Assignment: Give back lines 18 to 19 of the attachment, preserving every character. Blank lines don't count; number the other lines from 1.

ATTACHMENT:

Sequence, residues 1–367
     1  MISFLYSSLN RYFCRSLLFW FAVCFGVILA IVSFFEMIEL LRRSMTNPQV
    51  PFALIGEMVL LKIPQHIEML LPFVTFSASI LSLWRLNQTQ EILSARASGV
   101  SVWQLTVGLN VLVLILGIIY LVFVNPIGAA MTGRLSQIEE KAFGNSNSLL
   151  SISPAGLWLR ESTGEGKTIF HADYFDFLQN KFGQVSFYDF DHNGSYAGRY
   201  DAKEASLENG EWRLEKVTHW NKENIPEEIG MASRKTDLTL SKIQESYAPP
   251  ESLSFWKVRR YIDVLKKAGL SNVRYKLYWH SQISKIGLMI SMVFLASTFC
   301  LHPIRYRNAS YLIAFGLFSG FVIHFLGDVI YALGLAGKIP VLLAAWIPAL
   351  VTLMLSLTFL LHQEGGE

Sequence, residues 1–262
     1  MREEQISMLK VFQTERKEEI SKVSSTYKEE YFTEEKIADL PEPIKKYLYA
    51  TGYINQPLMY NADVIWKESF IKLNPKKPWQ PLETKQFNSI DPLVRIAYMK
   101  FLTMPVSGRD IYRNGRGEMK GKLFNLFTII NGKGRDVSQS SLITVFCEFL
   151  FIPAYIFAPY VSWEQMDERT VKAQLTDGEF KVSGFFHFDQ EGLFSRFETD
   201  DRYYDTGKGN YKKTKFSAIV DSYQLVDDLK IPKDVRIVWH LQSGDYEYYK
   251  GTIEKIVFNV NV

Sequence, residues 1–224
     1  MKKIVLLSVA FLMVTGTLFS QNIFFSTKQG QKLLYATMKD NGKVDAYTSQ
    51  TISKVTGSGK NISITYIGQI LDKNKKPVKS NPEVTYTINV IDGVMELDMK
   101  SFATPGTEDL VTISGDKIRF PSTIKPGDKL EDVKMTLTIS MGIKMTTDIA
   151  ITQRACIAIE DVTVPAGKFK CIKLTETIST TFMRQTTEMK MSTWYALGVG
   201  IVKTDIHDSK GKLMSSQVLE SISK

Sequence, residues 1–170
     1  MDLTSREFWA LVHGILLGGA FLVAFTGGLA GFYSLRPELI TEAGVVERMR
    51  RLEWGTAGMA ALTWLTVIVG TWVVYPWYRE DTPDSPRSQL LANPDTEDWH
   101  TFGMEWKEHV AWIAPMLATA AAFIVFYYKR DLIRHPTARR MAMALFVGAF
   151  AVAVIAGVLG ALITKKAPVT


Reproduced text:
     1  MKKIVLLSVA FLMVTGTLFS QNIFFSTKQG QKLLYATMKD NGKVDAYTSQ
    51  TISKVTGSGK NISITYIGQI LDKNKKPVKS NPEVTYTINV IDGVMELDMK